Schultz said:
Trying to argue with him in order to make him reveal apparent inconsistency simply will not happen.
Such is not my intent. My intent is to understand where he draws the line. And why. We all draw the line somewhere. There are things that each of us considers hurtful and unacceptable if not downright criminal. But if the only morality is personal morality which is different for each of us, then there is really only our own personal standard of what is hurtful or unacceptable or unreasonable or criminal. So then your standard is as good as GIC's or mine or anyone else's.

For example, what if someone considers it acceptable to have affairs - that is doing what comes naturally, that is what makes him/her happy, and it is not against the law. However it does not make his/her SO happy. The other partner considers it hurtful and disrespectful. Who gets to decide what behavior is acceptable in a relationship?
I am, of course, implicitly referring the great texts in the tradition of English liberty in my positions. I did not think I had to go into great detail on the concepts of freedom, harm, and justice. I sincerely hope that everyone here has read and is familiar with Mill's essay on liberty and Paine's 'Rights of Man' and 'Age of Reason'; for without these primers, I do not see how anyone could even hold a conversation on liberty and modern government...whether you agree with the ideals or not, they're on the table and an essential element of the discussion. To give a brief summary, the line is drawn at actual physical harm to either person or property...emotional distress doesn't count.
And ??


In practice those idea's are held within the context of the Christian World View. Therefore, the "Natural Rights" of Man would not extend to legitimizing sexual divency.

Your idea's are closer to that of the Anarchists on the Left or the "Libertarians" on the Right.
I don't know what practice you're talking about, but these ideals came out of the Enlightenment, they were developed by the first deists, agnostics, and atheists of the modern world. But they did arise in the context of the Christian World View, they were largely a reaction against it; they sought to replace theism with humanism.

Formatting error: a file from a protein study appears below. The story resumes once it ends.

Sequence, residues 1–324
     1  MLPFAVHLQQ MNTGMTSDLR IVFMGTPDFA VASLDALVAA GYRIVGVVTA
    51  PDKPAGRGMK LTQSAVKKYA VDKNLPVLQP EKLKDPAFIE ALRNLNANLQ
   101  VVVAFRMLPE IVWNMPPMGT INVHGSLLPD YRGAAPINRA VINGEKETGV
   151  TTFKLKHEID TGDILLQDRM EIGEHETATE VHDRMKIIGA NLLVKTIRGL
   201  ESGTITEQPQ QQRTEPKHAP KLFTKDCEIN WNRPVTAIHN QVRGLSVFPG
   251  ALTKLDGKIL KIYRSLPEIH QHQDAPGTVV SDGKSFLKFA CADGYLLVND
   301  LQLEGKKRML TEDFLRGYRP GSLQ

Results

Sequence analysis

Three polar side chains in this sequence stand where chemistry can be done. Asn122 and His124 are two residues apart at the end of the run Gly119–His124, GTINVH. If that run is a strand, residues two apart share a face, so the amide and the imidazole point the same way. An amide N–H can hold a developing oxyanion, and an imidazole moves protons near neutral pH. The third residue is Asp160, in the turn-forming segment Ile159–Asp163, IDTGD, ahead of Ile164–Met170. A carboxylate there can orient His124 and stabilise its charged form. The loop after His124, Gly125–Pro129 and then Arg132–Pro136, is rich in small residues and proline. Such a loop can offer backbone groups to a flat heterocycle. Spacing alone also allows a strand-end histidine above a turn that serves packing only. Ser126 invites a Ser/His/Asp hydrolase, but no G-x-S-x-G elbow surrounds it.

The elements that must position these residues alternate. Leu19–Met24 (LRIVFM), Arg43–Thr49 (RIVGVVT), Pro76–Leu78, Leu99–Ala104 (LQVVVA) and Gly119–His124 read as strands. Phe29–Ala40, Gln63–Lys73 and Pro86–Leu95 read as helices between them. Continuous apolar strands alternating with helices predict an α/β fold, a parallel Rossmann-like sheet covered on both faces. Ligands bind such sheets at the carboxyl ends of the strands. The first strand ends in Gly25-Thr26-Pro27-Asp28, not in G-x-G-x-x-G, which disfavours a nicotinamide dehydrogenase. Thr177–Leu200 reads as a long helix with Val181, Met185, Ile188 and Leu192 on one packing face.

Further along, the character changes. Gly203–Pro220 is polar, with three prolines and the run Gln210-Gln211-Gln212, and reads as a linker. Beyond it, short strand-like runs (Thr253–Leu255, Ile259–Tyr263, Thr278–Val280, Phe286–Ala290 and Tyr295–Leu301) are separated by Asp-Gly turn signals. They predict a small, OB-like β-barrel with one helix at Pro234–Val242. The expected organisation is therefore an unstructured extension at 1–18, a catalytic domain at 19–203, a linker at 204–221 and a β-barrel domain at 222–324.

And my ideas are properly called 'classical liberalism'.
We have already discussed your claim that these same idea's were meant to replace the Christian World View by the founding fathers of the USA. I have already demostrated that your claim was not totally accurate and that these Men still held a Christian Viewpoint and said so forcefully.
We're not talking about the founding fathers here, we're talking about the tradition of English liberty. Yes, the American founding fathers borrowed them and one founding father (Thomas Paine) was a primary contributor to this school of thought, but while the groups may overlap in places they are not the same.
 

Marc1152

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GiC said:
Marc1152 said:
GiC said:
Marc1152 said:
GiC said:
katherineofdixie said:
Schultz said:
Trying to argue with him in order to make him reveal apparent inconsistency simply will not happen.
Such is not my intent. My intent is to understand where he draws the line. And why. We all draw the line somewhere. There are things that each of us considers hurtful and unacceptable if not downright criminal. But if the only morality is personal morality which is different for each of us, then there is really only our own personal standard of what is hurtful or unacceptable or unreasonable or criminal. So then your standard is as good as GIC's or mine or anyone else's.

For example, what if someone considers it acceptable to have affairs - that is doing what comes naturally, that is what makes him/her happy, and it is not against the law. However it does not make his/her SO happy. The other partner considers it hurtful and disrespectful. Who gets to decide what behavior is acceptable in a relationship?
I am, of course, implicitly referring the great texts in the tradition of English liberty in my positions. I did not think I had to go into great detail on the concepts of freedom, harm, and justice. I sincerely hope that everyone here has read and is familiar with Mill's essay on liberty and Paine's 'Rights of Man' and 'Age of Reason'; for without these primers, I do not see how anyone could even hold a conversation on liberty and modern government...whether you agree with the ideals or not, they're on the table and an essential element of the discussion. To give a brief summary, the line is drawn at actual physical harm to either person or property...emotional distress doesn't count.
And ??


In practice those idea's are held within the context of the Christian World View. Therefore, the "Natural Rights" of Man would not extend to legitimizing sexual divency.

Your idea's are closer to that of the Anarchists on the Left or the "Libertarians" on the Right.
I don't know what practice you're talking about, but these ideals came out of the Enlightenment, they were developed by the first deists, agnostics, and atheists of the modern world. But they did arise in the context of the Christian World View, they were largely a reaction against it; they sought to replace theism with humanism.

And my ideas are properly called 'classical liberalism'.